Brittany Viola performs a dive during the women's 10-meter platform… (Mark J. Terrill / Associated…)
Last year, while she was recovering from a second surgery on her right foot, Brittany Viola considered that her diving career might be over. And it's not as if she has no plans for the rest of her life.
The 24-year-old, who is the daughter of former major league pitcher Frank Viola, has her degree from University of Miami. Her major was electronic media and sports administration. "I want to do something in sports," Viola said Saturday at the Spieker Athletics Center at UCLA.
But for the near future anyway, that "something in sports" is still going to be diving.
Viola won the AT&T National Diving Championship women's 10-meter platform gold medal, taking a comfortable victory over 15-year-old silver medalist Gracia Leydon-Mahoney of Newton, Mass. Viola had 348.75 points while Leydon-Mahoney finished with 306.05.
Kristian Ipsen, 18, of Walnut Creek, who will be a freshman at Stanford this fall, won the men's three-meter springboard gold medal, edging out Drew Livingston of The Woodlands, Texas, and 31-year-old Troy Dumais of Ventura. Ipsen, who had trailed Dumais after each of the first five dives of the six-dive final round, scored big with his final attempt to pull in front.
Ipsen finished with 499.50 points; Livingston had 495.30 and Dumais came in with 490.30.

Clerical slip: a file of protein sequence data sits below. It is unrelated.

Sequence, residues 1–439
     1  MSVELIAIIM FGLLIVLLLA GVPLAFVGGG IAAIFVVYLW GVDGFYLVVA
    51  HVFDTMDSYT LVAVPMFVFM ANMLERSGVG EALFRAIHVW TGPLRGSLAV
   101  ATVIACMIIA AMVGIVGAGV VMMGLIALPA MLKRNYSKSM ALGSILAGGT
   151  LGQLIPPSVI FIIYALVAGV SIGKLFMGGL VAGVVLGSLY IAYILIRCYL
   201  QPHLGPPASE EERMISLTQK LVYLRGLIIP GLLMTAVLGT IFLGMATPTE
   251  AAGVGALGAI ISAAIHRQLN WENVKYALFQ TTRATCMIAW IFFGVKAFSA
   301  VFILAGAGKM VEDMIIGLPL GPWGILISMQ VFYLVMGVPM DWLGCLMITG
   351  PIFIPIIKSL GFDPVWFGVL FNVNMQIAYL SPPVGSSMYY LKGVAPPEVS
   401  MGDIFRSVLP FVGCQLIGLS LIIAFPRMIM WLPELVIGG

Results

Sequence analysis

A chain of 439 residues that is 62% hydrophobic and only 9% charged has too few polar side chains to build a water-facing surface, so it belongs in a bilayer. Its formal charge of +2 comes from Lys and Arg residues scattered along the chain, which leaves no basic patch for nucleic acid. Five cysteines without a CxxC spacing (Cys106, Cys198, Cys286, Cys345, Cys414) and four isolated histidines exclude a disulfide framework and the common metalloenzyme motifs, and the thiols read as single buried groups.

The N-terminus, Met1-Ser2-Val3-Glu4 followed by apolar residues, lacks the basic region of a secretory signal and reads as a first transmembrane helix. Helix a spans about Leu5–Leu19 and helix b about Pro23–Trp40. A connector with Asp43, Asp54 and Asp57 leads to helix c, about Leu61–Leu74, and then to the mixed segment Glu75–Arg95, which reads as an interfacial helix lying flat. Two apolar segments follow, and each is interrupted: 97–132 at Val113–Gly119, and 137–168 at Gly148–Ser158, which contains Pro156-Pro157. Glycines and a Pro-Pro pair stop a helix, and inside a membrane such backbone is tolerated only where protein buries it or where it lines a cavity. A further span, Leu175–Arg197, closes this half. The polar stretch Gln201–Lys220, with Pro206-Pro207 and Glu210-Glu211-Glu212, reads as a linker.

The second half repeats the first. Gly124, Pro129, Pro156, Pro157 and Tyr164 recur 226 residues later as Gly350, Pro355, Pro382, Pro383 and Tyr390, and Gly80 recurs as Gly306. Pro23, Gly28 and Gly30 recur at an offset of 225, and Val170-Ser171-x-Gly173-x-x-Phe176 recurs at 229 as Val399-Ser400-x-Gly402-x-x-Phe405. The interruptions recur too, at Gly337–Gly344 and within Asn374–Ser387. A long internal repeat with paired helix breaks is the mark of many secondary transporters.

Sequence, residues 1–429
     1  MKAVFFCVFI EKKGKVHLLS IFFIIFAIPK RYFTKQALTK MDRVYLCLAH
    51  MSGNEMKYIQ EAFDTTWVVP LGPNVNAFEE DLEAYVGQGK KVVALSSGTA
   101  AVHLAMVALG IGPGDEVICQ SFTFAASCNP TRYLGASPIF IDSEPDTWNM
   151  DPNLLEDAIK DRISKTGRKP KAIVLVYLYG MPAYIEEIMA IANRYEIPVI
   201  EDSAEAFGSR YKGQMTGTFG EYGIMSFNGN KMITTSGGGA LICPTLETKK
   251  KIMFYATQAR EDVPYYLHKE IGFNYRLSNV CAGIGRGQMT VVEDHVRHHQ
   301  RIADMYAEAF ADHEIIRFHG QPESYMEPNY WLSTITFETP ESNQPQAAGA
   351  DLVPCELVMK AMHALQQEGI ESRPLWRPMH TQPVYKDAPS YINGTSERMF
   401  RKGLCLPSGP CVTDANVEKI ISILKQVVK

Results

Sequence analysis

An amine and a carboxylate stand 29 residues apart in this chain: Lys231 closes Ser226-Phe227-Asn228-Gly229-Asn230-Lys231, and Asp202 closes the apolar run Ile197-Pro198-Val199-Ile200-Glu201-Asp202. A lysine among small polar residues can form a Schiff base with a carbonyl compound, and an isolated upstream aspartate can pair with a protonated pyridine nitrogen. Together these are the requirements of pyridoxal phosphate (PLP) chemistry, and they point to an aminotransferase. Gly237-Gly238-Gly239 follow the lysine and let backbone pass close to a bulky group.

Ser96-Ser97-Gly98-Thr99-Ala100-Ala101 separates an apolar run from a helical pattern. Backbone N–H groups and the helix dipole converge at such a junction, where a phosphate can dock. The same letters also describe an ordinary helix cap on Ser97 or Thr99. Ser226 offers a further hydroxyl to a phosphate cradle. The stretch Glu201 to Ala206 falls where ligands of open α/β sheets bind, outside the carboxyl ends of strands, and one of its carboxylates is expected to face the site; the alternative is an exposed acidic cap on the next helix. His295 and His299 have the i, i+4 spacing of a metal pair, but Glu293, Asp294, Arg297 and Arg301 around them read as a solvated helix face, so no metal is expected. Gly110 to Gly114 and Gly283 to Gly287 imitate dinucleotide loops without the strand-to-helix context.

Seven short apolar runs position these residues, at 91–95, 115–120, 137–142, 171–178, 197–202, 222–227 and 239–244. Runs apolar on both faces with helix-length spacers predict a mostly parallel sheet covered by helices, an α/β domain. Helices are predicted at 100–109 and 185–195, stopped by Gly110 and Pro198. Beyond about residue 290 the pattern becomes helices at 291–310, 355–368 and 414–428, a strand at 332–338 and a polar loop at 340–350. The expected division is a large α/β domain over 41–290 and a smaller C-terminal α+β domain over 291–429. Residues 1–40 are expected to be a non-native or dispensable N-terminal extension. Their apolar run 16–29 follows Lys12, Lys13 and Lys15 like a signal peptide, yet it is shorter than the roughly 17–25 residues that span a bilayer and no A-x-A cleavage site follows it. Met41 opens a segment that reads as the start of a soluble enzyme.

Kassidy Cook, 16, of The Woodlands, Texas, and 26-year-old Stanford graduate Cassidy Krug won the women's synchronized three-meter springboard.
Ipsen said he had come into the national championships "super nervous." He had finished 31st at the recent world championships in Shanghai and considered himself in a slump.
Before his final dive, Ipsen said he had a brief meeting with his coach, Phil Tonne. "I usually don't like to look at the scoreboard, but I was super nervous and saw the scores and said, "Ack, I need to do a really good last one.' So then I was really nervous."
Ipsen's nerves worked in a good way, though. They provided him the adrenaline to get height off the board and enter the water with almost no splash. "I'm super happy I competed here," he said.
Viola felt the same way. She led four of the five rounds and had over a 30-point cushion going into her final dive.
As much fun as winning is for Viola now, just competing pain-free is even better. Viola had been a gymnast before she took up diving and she said that years of trying to perfectly point her toes had caused her to tear a tendon. She said she came back too quickly after an original surgery and needed a second to remove scar tissue and take out floating bone fragments.
"There was a point during recovery where I was not knowing if I could come back. It took a while to get to a place where I was satisfied enough to press forward to try for the Olympics.
"But the more I've done therapy my foot has become stronger and stronger and now it doesn't hurt at all. It's fantastic."